Once upon a time, the commercial aviation world was populated by so-called flag carriers, massive government-owned airlines that served their countries’ inbound and outbound flying needs.
Today, in a market of widely diverse business and leisure travel airline offerings, a few flag carriers still roam the earth – some of them more nimble creatures than others. Here are some takeaways from two recent flights.
Air Tahiti Nui: the fresh bloom of youth
As I boarded the Air Tahiti Nui plane, the cabin crew handed me its beautiful brand ambassador: the Tahitian tiaré flower. I tucked the small, white bloom behind my ear, where its gorgeous gardenia scent lasted the eight-plus hours of the flight to Papeete from Los Angeles (the airline’s North American hub).
The tiaré shows up in some of the cabin interior’s upholstery and lends its name to the airline’s frequent flyer program (Club Tiaré). Its scent even infuses the refreshing moist towel that precedes meal service. This simple, organic amenity gives the airline a powerful symbolic and physical brand and provides the customer with a sensory memory that lasts far beyond the flight.
More than 60 percent owned by the government of French Polynesia, Air Tahiti Nui has only been in operation since 1998, and still has the glow of youth about its offerings. Its modern Airbus fleet is named for islands of French Polynesia, like Bora Bora, where I was headed this past spring to stay at the Four Seasons Bora Bora.
Welcoming aircraft interiors are decked out in the aquas and blues of the Pacific. Flight attendant uniforms resemble resort wear more than airline staff togs: colourful, loose floral-printed dresses and shirts that put the largely leisure-travel customer base in immediate vacation mode.
On this relatively small airline I was delighted to find seatback entertainment even in economy class, where half a dozen recent Hollywood movies complemented more culturally tailored audio selections, including Tahitian, French and Japanese channels of music.
The bilingual English-French Air Tahiti magazine made a good portal for my journey, with its articles on Polynesian cultural traditions and an emphasis on the airline’s own commitment to sustainability and local communities – important features in a region this small and environmentally fragile.
Upon arrival in Papeete’s open-air airport we were greeted with live Polynesian music, ocean breezes and another fragrant tiaré flower. The only elements that took the bloom off my experience were pre-flight: For LAX embarkees, online or self check-in and advance seat selection weren’t available. And since many Papeete-bound passengers had boarded in Paris the aircraft was largely full, leaving me at the back of the Airbus for the long flight.
Though the airline’s online service features are a bit limited, it uses social media like Twitter and Facebook to promote packages, deals, media coverage, aviation news and local events. (For instance, this past June, it tweeted to reassure passengers during a short-lived strike.)
Royal Air Maroc: missed opportunities
My international trip on Royal Air Maroc – from Montreal to Marrakech, then return from Casablanca to Montreal – was no short hop, at around eight hours each way. Unfortunately, the inflight entertainment experience didn’t quite match the richness of the culture of origin.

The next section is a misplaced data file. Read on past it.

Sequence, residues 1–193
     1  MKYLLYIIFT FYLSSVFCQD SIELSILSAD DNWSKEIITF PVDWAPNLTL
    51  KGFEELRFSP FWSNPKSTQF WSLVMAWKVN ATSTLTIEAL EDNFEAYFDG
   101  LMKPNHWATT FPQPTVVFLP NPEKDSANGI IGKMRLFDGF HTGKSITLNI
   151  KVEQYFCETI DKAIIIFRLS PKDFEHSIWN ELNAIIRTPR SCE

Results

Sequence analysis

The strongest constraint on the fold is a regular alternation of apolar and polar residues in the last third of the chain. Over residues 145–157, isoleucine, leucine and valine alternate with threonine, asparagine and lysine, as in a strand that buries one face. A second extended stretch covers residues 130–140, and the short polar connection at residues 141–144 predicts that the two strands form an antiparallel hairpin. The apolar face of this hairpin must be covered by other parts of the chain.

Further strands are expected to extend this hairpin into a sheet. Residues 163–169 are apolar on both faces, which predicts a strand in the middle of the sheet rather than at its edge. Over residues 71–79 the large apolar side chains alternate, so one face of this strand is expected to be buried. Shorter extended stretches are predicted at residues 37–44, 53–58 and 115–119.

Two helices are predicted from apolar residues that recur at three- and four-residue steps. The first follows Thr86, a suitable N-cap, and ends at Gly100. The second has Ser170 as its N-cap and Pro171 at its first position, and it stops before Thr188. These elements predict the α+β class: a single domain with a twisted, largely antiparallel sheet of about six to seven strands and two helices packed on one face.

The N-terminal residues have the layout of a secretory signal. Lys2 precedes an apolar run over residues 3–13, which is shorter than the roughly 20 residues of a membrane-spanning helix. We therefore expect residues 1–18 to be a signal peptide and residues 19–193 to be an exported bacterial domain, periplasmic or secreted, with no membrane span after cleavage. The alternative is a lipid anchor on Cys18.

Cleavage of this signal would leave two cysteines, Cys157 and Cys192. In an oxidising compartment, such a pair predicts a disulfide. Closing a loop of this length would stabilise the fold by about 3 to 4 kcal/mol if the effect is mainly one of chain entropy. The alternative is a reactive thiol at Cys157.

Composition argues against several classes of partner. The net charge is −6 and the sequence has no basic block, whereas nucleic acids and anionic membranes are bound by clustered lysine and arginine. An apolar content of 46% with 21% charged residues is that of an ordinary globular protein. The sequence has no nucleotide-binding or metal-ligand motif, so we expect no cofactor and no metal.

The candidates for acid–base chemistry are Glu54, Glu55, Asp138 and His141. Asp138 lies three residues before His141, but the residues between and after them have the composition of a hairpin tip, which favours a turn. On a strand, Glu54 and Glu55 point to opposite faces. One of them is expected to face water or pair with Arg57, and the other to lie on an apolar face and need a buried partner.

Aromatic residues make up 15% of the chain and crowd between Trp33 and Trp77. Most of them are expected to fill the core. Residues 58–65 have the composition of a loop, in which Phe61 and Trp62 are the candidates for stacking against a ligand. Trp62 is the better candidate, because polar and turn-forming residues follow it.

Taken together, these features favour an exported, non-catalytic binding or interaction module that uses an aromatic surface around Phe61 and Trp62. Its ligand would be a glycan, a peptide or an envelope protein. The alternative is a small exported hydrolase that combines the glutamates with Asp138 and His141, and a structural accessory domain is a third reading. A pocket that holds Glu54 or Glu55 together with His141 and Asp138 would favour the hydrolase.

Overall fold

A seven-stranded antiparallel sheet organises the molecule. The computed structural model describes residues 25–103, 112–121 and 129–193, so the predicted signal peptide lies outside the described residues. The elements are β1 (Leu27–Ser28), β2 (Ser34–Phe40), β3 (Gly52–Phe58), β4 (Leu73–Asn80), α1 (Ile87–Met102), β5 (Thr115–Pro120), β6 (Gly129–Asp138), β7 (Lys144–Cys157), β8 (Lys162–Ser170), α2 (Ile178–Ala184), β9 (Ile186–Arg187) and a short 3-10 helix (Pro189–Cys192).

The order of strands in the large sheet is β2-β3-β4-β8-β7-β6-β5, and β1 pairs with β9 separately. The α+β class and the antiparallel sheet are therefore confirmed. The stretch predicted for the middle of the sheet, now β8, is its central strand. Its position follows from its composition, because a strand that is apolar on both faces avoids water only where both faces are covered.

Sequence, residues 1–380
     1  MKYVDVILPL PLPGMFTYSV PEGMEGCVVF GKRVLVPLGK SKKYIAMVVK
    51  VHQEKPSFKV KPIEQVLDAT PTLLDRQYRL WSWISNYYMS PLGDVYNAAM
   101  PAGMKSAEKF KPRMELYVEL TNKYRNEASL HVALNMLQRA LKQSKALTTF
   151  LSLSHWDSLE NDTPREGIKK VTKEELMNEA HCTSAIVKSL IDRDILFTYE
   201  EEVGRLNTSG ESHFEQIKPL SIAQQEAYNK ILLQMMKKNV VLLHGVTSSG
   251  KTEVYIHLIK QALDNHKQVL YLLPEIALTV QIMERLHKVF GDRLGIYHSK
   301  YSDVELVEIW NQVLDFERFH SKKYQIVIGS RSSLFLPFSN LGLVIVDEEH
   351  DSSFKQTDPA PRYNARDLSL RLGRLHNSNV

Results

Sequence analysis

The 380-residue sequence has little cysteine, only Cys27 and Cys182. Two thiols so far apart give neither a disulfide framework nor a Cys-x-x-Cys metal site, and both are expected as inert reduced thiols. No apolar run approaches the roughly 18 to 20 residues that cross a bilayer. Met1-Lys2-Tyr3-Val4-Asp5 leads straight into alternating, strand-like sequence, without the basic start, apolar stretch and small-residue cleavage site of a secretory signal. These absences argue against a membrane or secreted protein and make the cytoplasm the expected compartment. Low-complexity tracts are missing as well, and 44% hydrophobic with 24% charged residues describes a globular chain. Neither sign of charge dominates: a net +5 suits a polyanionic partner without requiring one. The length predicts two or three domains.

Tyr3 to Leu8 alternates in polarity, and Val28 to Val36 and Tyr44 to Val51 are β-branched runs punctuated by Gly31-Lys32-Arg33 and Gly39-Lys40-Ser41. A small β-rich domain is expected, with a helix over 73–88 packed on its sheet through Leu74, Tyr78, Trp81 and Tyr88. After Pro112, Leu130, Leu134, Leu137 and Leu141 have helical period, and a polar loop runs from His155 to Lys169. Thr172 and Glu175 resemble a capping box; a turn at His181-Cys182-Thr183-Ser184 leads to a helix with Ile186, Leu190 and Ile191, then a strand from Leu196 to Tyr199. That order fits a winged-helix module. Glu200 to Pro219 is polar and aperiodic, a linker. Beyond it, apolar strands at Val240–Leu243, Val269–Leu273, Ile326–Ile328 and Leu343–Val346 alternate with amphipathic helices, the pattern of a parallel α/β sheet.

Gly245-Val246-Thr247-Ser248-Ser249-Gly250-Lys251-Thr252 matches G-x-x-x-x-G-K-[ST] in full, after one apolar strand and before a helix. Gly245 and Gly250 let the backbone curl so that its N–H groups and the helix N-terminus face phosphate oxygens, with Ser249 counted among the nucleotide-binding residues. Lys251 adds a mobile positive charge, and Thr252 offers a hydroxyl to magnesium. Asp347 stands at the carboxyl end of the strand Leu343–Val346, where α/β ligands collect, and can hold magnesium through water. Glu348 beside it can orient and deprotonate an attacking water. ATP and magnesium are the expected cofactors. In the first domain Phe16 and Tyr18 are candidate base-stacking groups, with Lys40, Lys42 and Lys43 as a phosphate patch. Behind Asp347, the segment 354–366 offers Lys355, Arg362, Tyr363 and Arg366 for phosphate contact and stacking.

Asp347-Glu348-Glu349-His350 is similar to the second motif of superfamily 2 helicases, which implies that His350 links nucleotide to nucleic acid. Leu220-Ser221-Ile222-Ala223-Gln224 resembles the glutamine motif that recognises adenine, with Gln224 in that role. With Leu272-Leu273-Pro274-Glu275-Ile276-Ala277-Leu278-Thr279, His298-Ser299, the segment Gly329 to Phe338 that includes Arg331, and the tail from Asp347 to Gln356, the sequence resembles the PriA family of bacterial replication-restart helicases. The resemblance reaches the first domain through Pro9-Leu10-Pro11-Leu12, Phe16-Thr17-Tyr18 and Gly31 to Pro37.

Created after Morocco declared independence in 1957, RAM can be credited as a force in opening up African routes over the years and for its continuing innovations. (Recent announcements position it as the first airline in Africa to offer self check-in kiosks.)
The airline, of which over 95 percent is owned by the Moroccan government, shows its colours in cabin crew uniforms in blue, with delicate embroidered motifs evoking the red and green of the Moroccan flag and jacket tailoring reminiscent of a djellaba, the traditional North African robe.
Outbound, the J-class cabin’s audio feed didn’t work, rendering a mainscreen showing of The Joneses mute; on my return the mainscreen in my economy cabin remained stubbornly dark the entire flight.
At least the outage was a good opportunity to check out the trilingual (English, French, Arabic) inflight magazine, which promoted a (heavily edited, one would suppose) version of Sex and the City 2. Curiously, it failed to mention the film was largely shot in Morocco as a stand-in for Abu Dhabi. Why wouldn’t a flag carrier want to tout a Hollywood blockbuster’s affiliation with its country?
Even had that rusty old mainscreen IFE system been working, offerings are somewhat limited: A couple of Egyptian movies and channels of Arabic and Andalusian music do little to brandish its North African credentials.
Royal Air Maroc’s hub is the rather rundown Mohammed V (CMN) in Casablanca, where a feral cat stalked across the Executive Class check-in red carpet. The stunning Marrakech Ménera airport (RAK), with its canopy resembling a giant mashrabiya screen, is a much more pleasant and on brand passenger facility. Hospitality brands like the luxury hotel La Mamounia seem to understand that Morocco’s brand is a selling feature and have opened their own arrivals lounges at RAK.
Online the airline misses an opportunity to promote its own customer-friendly features. For instance, only by asking at check-in did my companion and I discover the steal-deal of a $600 one-way Executive Class upgrade between YUL and CMN – normally around a $5,000 price difference. Given what it has to work with, Royal Air Maroc is leaving money on the table.
It’s a weighty responsibility for a flag carrier to be a cultural ambassador for its nation. These two flights demonstrated the potential for national airlines to use technology, marketing and good old-fashioned service touches to drive successful customer diplomacy missions.